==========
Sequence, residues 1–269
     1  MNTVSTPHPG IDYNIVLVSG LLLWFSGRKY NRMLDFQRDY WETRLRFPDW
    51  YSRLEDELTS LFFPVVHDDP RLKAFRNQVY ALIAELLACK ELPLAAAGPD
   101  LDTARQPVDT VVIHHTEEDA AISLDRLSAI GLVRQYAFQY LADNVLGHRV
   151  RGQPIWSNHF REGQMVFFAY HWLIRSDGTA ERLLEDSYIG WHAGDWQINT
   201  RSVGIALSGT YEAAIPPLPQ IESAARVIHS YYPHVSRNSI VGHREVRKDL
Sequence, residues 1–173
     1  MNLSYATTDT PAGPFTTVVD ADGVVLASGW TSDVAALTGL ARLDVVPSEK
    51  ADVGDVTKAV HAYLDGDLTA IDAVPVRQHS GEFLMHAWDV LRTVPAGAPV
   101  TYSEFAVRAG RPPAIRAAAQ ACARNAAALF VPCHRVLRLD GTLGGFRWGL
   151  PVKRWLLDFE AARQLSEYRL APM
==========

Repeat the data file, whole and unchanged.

Sequence, residues 1–269
     1  MNTVSTPHPG IDYNIVLVSG LLLWFSGRKY NRMLDFQRDY WETRLRFPDW
    51  YSRLEDELTS LFFPVVHDDP RLKAFRNQVY ALIAELLACK ELPLAAAGPD
   101  LDTARQPVDT VVIHHTEEDA AISLDRLSAI GLVRQYAFQY LADNVLGHRV
   151  RGQPIWSNHF REGQMVFFAY HWLIRSDGTA ERLLEDSYIG WHAGDWQINT
   201  RSVGIALSGT YEAAIPPLPQ IESAARVIHS YYPHVSRNSI VGHREVRKDL
Sequence, residues 1–173
     1  MNLSYATTDT PAGPFTTVVD ADGVVLASGW TSDVAALTGL ARLDVVPSEK
    51  ADVGDVTKAV HAYLDGDLTA IDAVPVRQHS GEFLMHAWDV LRTVPAGAPV
   101  TYSEFAVRAG RPPAIRAAAQ ACARNAAALF VPCHRVLRLD GTLGGFRWGL
   151  PVKRWLLDFE AARQLSEYRL APM